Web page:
Call one of our professionals today at 1-877-907-5267 for help building a commercial insurance plan for your company. Quotes are quick and easy once you’ve supplied some basic information about your business.

If You Think You Need (Better) Cyber Insurance…You Probably Do.

Control is an Option to Command, by Frederico Cintra, licensed under CC BY 4.0
Image credit: Control is an Option to Command, by Frederico Cintra, licensed under CC BY 4.0

In the wake of high-profile data breaches where hackers humble multibillion dollar companies, questions like “Am I vulnerable to something like this?” or “Do I need cyber risk insurance?” inevitably rise in the minds of large and small business owners around the world.

Then they’re promptly forgotten.

Until the next time a similar story is reported on the news. (For example, the recent Equifax horror show.)

If you’re an IT professional in certain industries, you probably have no delusions about cyber risk insurance being a necessity; outside hacks for ransom and/or data breaches from within a company’s ranks are too common, and too costly. It’s a no-brainer.

Even if you’re not a motion picture CEO, or the Google VP, however, you need to be aware of the fact that you may have a cyber target on your back, or weaknesses within your company that could be exploited. A 2016 study by Symantec didn’t have “Movie Studio” or “Technology Giant” listed in the top five businesses affected by ransomware; service industries, manufacturing, finance/insurance, real estate, and public administration showed up as the most targeted. (Entertainment and technology services didn’t even make the top ten list, which included wholesale trade, transportation, communications, and utilities, retail, construction, mining, and Agriculture, Forestry and Fishing.)

Ransomware is affordable (it can be purchased for less than $2,000.00), and adapting as fast as protective software can be developed; Symantec found 101 new ransomware “families” in 2016. That number represents a 36% increase from previous years. While effective security measures and employee training are good protocols to have in place, a cyber insurance policy could mean the difference between returning to business after a breach, or shutting down.

Hacks for ransom (where a system is compromised and the hackers demand payment to restore it) represent only one type of data breach. Data leaks can be purposeful hacks (as with GoogleTarget, and HBO’s Game of Thrones nightmare), or accidental (like the incident with Whitehead Nursing Home or the mishap with the City of Calgary)…but the resulting public relations nightmares and potential for revenue loss are the same.

Don’t believe for a second that only large businesses are targeted; Symantec’s study found that smaller companies (251-500 employees) are more likely to be targeted by email malware, possibly for the very reason that they’re ill prepared to handle an attack.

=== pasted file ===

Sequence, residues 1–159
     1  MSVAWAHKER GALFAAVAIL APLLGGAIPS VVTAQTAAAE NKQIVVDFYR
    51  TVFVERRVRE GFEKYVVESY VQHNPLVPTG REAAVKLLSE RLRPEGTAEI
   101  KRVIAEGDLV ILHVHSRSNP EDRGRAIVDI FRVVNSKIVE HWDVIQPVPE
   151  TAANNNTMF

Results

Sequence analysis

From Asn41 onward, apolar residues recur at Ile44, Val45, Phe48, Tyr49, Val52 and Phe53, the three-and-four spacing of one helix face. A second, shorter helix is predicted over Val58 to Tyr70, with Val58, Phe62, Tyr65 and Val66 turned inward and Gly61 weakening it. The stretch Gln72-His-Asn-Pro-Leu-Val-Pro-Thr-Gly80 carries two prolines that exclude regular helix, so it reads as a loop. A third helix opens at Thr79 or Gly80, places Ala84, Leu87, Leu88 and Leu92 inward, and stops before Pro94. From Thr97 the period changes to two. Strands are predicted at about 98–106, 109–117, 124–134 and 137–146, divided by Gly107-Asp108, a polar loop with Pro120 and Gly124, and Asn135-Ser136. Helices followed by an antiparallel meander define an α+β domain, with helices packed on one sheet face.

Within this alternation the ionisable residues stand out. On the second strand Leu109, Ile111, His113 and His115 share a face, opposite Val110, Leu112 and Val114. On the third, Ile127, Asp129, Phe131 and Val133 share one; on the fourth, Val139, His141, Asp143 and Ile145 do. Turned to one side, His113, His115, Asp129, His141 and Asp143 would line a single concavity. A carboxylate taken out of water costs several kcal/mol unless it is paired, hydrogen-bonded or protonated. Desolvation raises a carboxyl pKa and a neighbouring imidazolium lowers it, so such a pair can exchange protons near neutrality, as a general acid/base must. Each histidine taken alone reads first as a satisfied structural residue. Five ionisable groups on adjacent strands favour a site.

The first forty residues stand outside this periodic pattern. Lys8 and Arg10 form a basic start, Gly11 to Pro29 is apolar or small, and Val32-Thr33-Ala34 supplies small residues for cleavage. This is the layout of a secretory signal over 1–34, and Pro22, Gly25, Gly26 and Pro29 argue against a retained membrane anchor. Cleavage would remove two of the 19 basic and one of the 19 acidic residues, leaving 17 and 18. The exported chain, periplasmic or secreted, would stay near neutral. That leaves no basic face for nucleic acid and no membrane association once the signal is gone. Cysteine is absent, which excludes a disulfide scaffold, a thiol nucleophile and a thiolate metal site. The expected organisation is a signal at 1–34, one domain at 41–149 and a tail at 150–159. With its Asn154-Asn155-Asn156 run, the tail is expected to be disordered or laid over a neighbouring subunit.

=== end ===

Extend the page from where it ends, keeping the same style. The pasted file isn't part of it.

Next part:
As a business insurance sales specialist and the team leader of the INSURICA Insurance Management Network Technology Practice, James Roskopf knows what he’s talking about when he says that it’s a mistake to underestimate cyber risks and the people who perpetrate them.

“You have to remember,” Roskopf says, “That hackers are mean people.”

“A lot of people are still looking at cyber issues as a cost of doing business. If they get attacked with ransomware, they know that the FBI discourages paying hackers, but they also know that paying is the path of least resistance.”

There’s another Symantec statistic that proves Roskopf’s assertion about the cruelty of hackers, and puts to rest the notion that paying the ransom is ultimately less costly than an ongoing monthly insurance premium; only 47% of the victims of ransomware who pay the ransom are found to recover use of their stolen files.

Rather than relying on a criminal’s promise of good faith, a risk management program that includes cyber liability is the best way to forestall a business-ending security breach.

Cyber risk insurance coverage options can be scaled according to your business’s size and needs, and can include a budget for public relations repair if your customer’s data is compromised. Some other costs to consider that a good cyber liability policy can cover:

  • Security fixes and cyber forensics
  • Notification and identity protection for affected customers
  • Libel, copyright or infringement, and defamation (social media posts can take a minute to post, but have a long recovery period)
  • Damages to a third-party system (in case of an accidental virus transmission, for example)
  • System failure; hardware losses due to a natural disaster or malicious destruction would be covered under a commercial property or inland marine policy, but data and code losses would need electronic data protection coverage

Whether you’ve spent years building your business or you’re just starting…you can’t afford a catastrophe. A cyber risk policy for your company could be the safeguard it needs for a long, prosperous life.

Call us today at 1-855-279-9559 to discuss your cyber risk management plan. For the majority of businesses, a quote from an agent is available within five minutes, upon answering a few basic questions about your company.